The 36-unit Bry-Mard Apartments house seniors and people with disabilities, many of whom have faced homelessness before, said Evan Miller, the URA's senior policy and lending analyst. A leaky roof rendered several units uninhabitable and forced the removal of carpeting from some areas, and the federal Department of Housing and Urban Development threatened to pull funding, he said. The board approved $200,000 — half a grant, half a loan — to the nonprofit-owned apartment building.
The board also voted to:
- Provide $656,864 in grants and loans to Observatory Hill Development Corp. to support the rehabilitation of five abandoned houses on Bonvue Street. The development corporation expects to spend $1.36 million on the five rehabs, and to sell three to lower-income households, and two at market rates.
- Approve the $10 million 2021 budget for the Housing Opportunity Fund, detailed below. The budget largely mirrors prior annual allocations to support the development and preservation of affordable rental and owner-occupied housing, but also includes $250,000 to pay lawyers to help fight evictions.
- Accept a $150,000, interest-free loan from UPMC to the Small Landlord Fund, which provides low-interest loans to property owners who want to improve their units and rent them out to Housing Choice Voucher [Section 8] holders. The fund is also supported by PNC Bank and the Lincoln Land Institute.
11/10/20: Public Works building could become private office space
Developers hope to turn a former City of Pittsburgh Department of Public Works building in the Crawford-Roberts section of the Hill District into office and retail space, according to a presentation made to the City Planning Commission.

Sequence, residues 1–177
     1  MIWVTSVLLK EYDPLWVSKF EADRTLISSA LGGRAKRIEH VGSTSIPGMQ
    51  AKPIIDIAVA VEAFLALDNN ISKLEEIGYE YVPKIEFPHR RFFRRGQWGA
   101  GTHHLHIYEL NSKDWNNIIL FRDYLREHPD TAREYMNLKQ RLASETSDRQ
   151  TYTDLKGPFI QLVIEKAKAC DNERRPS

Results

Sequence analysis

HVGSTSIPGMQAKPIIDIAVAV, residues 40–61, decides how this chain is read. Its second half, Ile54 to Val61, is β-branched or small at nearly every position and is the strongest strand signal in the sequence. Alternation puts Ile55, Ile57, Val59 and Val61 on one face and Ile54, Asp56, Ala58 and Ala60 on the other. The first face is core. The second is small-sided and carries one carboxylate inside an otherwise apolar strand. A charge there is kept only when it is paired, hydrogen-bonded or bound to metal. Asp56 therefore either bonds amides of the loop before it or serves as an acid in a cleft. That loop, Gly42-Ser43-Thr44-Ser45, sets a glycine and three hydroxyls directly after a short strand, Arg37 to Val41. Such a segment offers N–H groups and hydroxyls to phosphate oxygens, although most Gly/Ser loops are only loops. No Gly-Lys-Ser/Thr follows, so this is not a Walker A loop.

Developer Derrick Tillman, of the firm Bridging the Gap, and architect Amanda Markovic described for the commission a plan to buy the three-floor building from the city, add a fourth story, and transform it mostly into offices. It would also include a coffee shop, an “innovation space” with workforce development resources and clean energy job training areas, and “a civic plaza” at the corner of Fifth Avenue and Dinwiddie Street.
The site is within the Uptown Eco-Innovation District, which drives the need for commission approval. Commission members asked the development team to bring back details of their discussions with the Hill Community Development Corporation and Uptown Partners neighborhood groups. The commission could vote to approve the project Nov. 24.
The commission also approved the conversion of the Allegheny Building, at 429 Forbes Ave., Downtown, from offices to 190 apartments.
11/5/20: Eviction, foreclosure emerging priority for city fund
A Pittsburgh fund that has focused on creating and preserving affordable housing is planning to spend some of its money helping households to fight eviction and foreclosure.
The Housing Opportunity Fund [HOF] Advisory Board approved a $10 million budget for 2021 that includes $250,000 for "helping renters and homeowners with legal assistance." The method of providing that assistance was not detailed during the board’s meeting.
The legal assistance line item would be a new one for the HOF, which began operations in 2018 and receives money from the city’s deed transfer tax.
The HOF has focused on backing housing development and repairs, providing temporary cash assistance to households in crisis, and helping new homeowners with down payments. Those priorities would still get the bulk of the money.
Court action on most evictions for failure to pay are now being suspended, under a Centers for Disease Control and Prevention order meant to slow the spread of the coronavirus. The order expires at the end of the year. The pace of eviction filings in Allegheny County slowed somewhat last month. Landlords filed 489 cases against tenants in October, versus 851 in September, according to Carnegie Mellon University's CREATE Lab.
The HOF’s proposed budget is otherwise roughly consistent with prior years, except for a dip in the allocation to the Housing Stabilization Fund, which provides short-term aid to households at risk of homelessness. That program is now getting funding from other, private donors.
Before becoming official, the proposed HOF budget has to win the approval of the URA board, expected to vote next week, and Pittsburgh City Council, which could address it next month.
PublicSource receives funding from The Heinz Endowments and the Richard King Mellon Foundation.